Wednesday, 15 April 2015

Two rides up the Hutt River Trail

In the past week we have done two easy rides up the Hutt River Trail on our original folding bikes, not the e-bikes. It was lovely riding them again, after having used just the e-bikes for a month. They are so much lighter and more manoeuverable.

For the first ride, on Easter Sunday 5 April, we parked at Seaview and biked up the riverside trail as far as Stokes Valley, before turning around and going back. On the way up, we detoured via the Janus Bakkerij on the High Street in Lower Hutt, hoping to have lunch there, but it was closed for Easter.

We were pleasantly surprised that some parts of the track that had been gravel, are now being upgraded and sealed.

The gravel path is being upgraded, and appears ready to be sealed (photo by John)

Some parts have already been sealed (photo by John)

It was an easy 25 km ride, though the brisk southerly made the return trip a little slower. On the way home, we stopped at the model railway track at the Hikoikoi Reserve, where John caught up with a former colleague, who is keen member of the Hutt Valley Model Engineering Society and enjoys driving the train for the kids.

David drives the model train at the Hikoikoi Reserve (photo by John)

Finally, while eating an ice cream on the Petone Esplanade, we were surrounded by solicitous seagulls, though by the time John took the photo below, they had given up hope and settled down to face into the onshore southerly.

Seagulls looking out to sea (photo by John)
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For the second ride, on Saturday 11 April, we went up the western side of the Hutt River. We parked by the Ewen Bridge, and biked north, on the sealed path on top of the stopbank.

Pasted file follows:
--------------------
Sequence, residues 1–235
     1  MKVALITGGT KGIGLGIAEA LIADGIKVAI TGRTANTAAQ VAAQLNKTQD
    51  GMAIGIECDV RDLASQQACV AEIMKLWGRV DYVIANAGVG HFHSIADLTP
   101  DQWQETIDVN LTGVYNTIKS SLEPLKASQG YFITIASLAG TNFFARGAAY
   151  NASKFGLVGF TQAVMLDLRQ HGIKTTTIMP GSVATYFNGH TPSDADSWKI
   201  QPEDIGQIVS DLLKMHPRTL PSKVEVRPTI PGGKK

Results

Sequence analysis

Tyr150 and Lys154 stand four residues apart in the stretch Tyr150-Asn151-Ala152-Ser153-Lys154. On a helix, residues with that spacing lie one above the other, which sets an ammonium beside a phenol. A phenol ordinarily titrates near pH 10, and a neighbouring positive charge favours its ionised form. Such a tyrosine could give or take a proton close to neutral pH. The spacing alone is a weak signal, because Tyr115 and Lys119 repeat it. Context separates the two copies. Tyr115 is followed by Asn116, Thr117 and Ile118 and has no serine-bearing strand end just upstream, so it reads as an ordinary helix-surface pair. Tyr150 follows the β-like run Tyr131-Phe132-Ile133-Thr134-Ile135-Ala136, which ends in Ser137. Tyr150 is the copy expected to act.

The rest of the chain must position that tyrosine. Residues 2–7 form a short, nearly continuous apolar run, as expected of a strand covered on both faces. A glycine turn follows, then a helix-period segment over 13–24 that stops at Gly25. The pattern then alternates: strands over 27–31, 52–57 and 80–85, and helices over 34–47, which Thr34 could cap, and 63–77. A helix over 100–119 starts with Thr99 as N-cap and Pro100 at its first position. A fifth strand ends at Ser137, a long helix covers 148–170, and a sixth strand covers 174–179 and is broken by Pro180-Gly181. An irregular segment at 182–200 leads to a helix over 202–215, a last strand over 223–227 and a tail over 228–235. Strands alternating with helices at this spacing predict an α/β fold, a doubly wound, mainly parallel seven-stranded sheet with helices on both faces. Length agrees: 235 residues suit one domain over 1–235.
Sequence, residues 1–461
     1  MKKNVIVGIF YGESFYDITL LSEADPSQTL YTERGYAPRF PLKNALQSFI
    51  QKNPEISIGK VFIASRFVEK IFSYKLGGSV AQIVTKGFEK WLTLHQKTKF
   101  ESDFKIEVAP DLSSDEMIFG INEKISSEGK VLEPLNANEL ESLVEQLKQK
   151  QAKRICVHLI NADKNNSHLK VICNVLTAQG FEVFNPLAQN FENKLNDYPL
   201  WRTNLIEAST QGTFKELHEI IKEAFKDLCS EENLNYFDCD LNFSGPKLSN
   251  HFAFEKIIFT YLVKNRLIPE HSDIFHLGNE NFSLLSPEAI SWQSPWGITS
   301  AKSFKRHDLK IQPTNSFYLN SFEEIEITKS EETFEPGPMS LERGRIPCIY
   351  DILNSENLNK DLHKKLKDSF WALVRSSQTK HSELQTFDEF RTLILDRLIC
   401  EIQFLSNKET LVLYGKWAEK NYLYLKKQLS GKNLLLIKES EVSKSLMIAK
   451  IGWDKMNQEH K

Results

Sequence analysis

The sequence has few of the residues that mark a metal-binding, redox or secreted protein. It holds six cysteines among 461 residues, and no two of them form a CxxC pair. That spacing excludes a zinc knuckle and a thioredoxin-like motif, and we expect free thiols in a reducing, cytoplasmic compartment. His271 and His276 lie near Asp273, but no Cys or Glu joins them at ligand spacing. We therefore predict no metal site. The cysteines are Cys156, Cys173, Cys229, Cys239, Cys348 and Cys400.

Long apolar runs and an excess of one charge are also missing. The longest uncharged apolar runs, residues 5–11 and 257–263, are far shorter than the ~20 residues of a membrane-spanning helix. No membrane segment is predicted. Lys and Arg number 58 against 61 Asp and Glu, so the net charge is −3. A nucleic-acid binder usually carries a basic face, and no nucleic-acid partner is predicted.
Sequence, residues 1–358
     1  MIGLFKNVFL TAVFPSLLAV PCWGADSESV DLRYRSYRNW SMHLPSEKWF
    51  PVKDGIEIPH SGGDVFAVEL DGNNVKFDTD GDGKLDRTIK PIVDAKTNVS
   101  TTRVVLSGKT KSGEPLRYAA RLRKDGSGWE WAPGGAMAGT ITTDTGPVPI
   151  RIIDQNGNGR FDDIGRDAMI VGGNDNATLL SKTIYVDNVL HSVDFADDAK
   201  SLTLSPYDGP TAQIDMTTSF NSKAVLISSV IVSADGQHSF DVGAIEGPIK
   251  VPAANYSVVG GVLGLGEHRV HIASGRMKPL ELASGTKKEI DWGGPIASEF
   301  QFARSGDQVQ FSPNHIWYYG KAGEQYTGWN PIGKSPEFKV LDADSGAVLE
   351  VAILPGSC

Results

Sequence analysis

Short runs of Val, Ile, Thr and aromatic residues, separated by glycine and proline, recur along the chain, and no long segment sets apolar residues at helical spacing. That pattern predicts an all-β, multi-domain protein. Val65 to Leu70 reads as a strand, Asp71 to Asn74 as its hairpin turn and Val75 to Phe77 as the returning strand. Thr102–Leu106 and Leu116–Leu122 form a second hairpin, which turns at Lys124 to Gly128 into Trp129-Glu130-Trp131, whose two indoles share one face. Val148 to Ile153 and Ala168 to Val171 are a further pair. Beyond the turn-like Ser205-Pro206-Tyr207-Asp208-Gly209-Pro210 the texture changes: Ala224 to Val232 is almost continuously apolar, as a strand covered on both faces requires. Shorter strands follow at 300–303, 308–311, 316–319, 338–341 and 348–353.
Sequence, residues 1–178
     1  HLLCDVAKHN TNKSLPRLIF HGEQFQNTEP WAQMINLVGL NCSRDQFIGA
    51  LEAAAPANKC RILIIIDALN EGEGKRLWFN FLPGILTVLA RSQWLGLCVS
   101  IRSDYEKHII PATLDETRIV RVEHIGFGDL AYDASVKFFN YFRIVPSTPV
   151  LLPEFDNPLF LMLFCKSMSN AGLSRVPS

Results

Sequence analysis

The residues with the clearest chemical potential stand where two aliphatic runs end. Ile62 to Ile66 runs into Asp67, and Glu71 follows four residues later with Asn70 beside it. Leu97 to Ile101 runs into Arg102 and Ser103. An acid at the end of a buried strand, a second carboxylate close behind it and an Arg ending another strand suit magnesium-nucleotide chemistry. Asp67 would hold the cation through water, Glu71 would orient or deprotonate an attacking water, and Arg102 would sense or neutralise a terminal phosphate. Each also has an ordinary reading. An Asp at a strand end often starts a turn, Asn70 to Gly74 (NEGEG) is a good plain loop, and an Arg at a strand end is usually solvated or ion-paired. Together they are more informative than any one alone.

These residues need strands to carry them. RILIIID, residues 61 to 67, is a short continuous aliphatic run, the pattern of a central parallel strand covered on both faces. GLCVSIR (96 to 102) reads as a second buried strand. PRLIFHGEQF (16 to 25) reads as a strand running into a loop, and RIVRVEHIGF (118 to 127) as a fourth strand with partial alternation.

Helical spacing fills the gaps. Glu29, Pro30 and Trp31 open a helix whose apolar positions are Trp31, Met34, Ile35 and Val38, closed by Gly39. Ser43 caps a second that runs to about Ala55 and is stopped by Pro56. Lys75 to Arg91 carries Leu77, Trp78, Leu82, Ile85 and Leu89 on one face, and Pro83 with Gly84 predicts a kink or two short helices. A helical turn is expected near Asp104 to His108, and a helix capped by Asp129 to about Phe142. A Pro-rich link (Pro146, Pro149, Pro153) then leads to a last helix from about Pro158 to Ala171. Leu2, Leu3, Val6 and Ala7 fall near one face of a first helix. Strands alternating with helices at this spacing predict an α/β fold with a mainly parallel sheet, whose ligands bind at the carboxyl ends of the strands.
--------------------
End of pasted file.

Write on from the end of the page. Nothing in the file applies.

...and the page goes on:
Seagulls congregate below the Ewen Bridge (photo by John)

Heading north on the top of the stopbank (photo by John)

As we were going under the bridge at Avalon, I remembered that the last time we rode here, the trail became a dirt track across the grass in the Belmont Domain. As we’d had a lot of rain in previous days, I thought it might be a muddy mess. But again, we were pleased to see that, here too, the council had been hard at work. There was now a nice, wide, smooth gravel track through the domain.

The new track through the Belmont Domain (photo by John)

All the way up, until Manor Park, the track was in better condition than when we last rode there (which must be over a year ago), but it has still not been drawn through the Manor Park Golf Club. There is still a sign there to the effect that you have to divert for 2.5 km onto SH2 before you can rejoin the track. So we turned around.

We crossed the bridge at Avalon, and detoured to the Janus Bakkerij for lunch (it was open this time!), then carried on along the eastern side of the river, and crossed back to our car over the Ewen Bridge.

A pretty, wooded area by the track (photo by John)

But instead of going home, we rode a bit further, towards Petone. Here too, the path had been improved. Where previously the track had been virtually non-existent along the edge of the sports field, there is now a well defined gravel track.

A nice new track along the sports field (photo by John)

An interesting path “dribbles” down from the railway bridge to the sports field (photo by John)

We did 23 km on this ride. It was sunny, but “crisp”. Winter has arrived, it seems.

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